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reed magazine logoSpring 2009

Off the Shelf

Gothic Spring

Caroline Miller ’59

Asylett Press 2009

Gothic SpringVictorine Ellsworth knows something about the death of the Vicar’s wife, but what? Is she the killer? Or the next victim? Caroline Miller ’59 MAT ’65 answers these questions for us in her newest novel, Gothic Spring, which is ostensibly a psychological thriller, but on a deeper level tackles themes ranging from the effects of repression on the female psyche to the stifling of individuality in a climate of conformity—both appropriate for its Victorian setting. To write the book, Caroline drew on her personal experience of living in England, where she split her time between the Derbyshire moors and a small farming community. According to Caroline, Gothic Spring “examines the darker side of human nature and societies that strangle rather than liberate” and thus represents a significant departure from her earlier work, Heart Land, a funny and nostalgic tribute to American values.

—Colin Chapman ’10

The Rock and Roll Book of the Dead: The Fatal Journeys of Rock’s Seven Immortals

David Comfort ’71

Citadel/Kensington 2009
The Rock and Roll Book of the Dead

The latest title from David Comfort ’71 explores the tragic ends and calamitous relationships of Elvis Presley, John Lennon, Jimi Hendrix, Janis Joplin, Jim Morrison, Jerry Garcia, and Kurt Cobain. According to David, the book contains “more dramatic and controversial information about the magnificent Seven than any other work.” However, The Rock and Roll Book of the Dead does not simply focus on the legendary aspects of these individuals, but instead gives the reader “an impartial point of view committed. . . to the truth.” In the case of the magnificent Seven, the truth is that fame got the better of them, and catalyzed in each a feeling of isolation, loneliness, and ultimately self-destruction. David’s fiction has appeared in the Coe Review, Pacific Review, The Belletrist, and other leading literary magazines. He has been a finalist for the Faulkner Award, the Chicago Tribune Nelson Algren Award, the Heekin/Graywolf Fellowship, and the America’s Best contest, and a nominee for the Pushcart Prize.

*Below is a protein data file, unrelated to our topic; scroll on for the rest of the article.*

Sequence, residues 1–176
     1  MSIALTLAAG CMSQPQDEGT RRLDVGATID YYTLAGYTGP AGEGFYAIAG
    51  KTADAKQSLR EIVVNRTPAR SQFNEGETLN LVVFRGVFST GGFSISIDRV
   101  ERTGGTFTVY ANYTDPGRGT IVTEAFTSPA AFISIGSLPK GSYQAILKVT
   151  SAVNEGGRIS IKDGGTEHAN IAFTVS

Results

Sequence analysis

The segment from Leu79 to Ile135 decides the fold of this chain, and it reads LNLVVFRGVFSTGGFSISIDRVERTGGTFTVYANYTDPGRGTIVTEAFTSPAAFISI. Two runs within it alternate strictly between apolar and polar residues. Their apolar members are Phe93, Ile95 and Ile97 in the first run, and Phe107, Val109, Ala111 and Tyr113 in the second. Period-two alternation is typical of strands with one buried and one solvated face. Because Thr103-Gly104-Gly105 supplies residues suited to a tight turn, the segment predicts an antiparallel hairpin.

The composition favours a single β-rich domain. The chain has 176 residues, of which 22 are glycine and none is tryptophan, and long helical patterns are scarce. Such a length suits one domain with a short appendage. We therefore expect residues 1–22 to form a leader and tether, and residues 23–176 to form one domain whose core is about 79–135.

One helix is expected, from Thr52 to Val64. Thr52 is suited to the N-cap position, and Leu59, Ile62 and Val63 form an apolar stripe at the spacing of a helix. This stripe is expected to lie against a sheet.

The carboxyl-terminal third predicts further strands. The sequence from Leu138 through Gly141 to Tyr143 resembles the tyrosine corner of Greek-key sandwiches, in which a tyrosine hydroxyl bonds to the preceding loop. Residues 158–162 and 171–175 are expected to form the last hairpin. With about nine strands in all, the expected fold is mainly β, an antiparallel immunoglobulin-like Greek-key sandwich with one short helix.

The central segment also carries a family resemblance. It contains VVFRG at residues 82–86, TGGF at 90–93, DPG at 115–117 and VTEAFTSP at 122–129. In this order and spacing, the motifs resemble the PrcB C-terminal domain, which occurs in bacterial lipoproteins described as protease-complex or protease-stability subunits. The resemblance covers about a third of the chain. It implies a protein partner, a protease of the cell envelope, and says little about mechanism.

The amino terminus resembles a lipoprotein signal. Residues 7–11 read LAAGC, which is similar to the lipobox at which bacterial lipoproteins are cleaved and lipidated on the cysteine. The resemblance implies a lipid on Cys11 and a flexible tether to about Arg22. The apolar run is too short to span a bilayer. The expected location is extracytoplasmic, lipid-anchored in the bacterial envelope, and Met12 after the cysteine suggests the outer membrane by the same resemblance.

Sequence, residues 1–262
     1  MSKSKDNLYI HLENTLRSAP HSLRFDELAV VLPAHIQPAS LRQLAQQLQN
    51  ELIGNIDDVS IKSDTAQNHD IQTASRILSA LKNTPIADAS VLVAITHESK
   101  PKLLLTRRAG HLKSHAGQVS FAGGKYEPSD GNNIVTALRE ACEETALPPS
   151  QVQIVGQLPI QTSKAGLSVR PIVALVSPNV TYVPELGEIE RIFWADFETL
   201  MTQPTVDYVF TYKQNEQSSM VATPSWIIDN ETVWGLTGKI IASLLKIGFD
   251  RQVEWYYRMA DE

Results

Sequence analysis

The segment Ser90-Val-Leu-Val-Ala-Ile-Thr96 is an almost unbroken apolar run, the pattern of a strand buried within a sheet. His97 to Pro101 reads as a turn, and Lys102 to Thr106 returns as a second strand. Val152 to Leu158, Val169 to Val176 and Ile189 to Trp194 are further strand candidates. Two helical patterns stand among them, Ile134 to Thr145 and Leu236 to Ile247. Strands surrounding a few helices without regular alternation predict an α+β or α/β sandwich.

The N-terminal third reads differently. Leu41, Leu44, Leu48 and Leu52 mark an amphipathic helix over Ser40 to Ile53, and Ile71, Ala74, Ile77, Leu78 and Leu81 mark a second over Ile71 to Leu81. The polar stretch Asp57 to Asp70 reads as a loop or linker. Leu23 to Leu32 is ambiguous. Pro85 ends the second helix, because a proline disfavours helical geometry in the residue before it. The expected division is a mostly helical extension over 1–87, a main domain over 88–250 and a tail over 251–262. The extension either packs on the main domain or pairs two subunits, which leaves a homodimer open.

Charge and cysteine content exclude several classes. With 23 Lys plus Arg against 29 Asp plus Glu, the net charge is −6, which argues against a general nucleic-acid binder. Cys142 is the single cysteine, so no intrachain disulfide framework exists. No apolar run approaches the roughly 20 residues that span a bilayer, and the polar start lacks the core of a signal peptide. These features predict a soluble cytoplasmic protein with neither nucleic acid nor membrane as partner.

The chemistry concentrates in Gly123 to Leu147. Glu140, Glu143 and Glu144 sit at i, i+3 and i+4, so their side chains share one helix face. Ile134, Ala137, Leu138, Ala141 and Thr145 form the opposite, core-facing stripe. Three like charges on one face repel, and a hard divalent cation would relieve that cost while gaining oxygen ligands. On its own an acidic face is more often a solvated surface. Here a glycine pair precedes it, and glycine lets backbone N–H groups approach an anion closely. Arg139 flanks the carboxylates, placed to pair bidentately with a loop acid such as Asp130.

—Colin Chapman ’10

A Blondie Reader: Old Wine in New Verses

James Wachob ’50 published a collection of his own rhymes, told in a humorous vein, A Blondie Reader: Old Wine in New Verses (AuthorHouse, 2009). James describes Blondie as an “Everyman, standing in for all naïve and guileless individuals—regardless of gender or hair color—with experiences that others find amusing.”

Educating the Human Brain

Mary Klevjord Rothbart ’62 is coeditor of Educating the Human Brain (American Psychological Association, 2006), which provides an empirical account of the early development of attention and self-regulation in infants and young children, with an examination of the brain areas involved in regulatory networks, their connectivity, and how their development is influenced by genes and experience.

Quantitative Data Analysis: Doing Social Research to Test Ideas

Don Treiman ’62 is the author of Quantitative Data Analysis: Doing Social Research to Test Ideas (Jossey-Bass, 2009)—a book he dedicated to John Pock, emeritus professor of sociology.

It’s go in horizontal: Selected Poems 1974–2006

It’s go in horizontal: Selected Poems 1974–2006, by Leslie Scalapino ’66, was published by UC Press in 2008.

 

 

Tamalpais Walking

Volney Gay ’70 has published two books, Progress and Values in the Humanities (Columbia University Press, 2009) and Neuroscience and Religion (Rowman & Littlefield, 2009). “Both books continue conversations about science and humanities that began in Humanities 110 at Reed a long time ago.”

Black British Writing

Lauri Ramey ’74 is coeditor of Black British Writing (Palgrave Macmillan, 2009),
a collection of essays providing an imaginative international perspective on ways to incorporate black British writing and culture in the study of English literature, with sophisticated and practical strategies for so doing.

reed magazine logoSpring 2009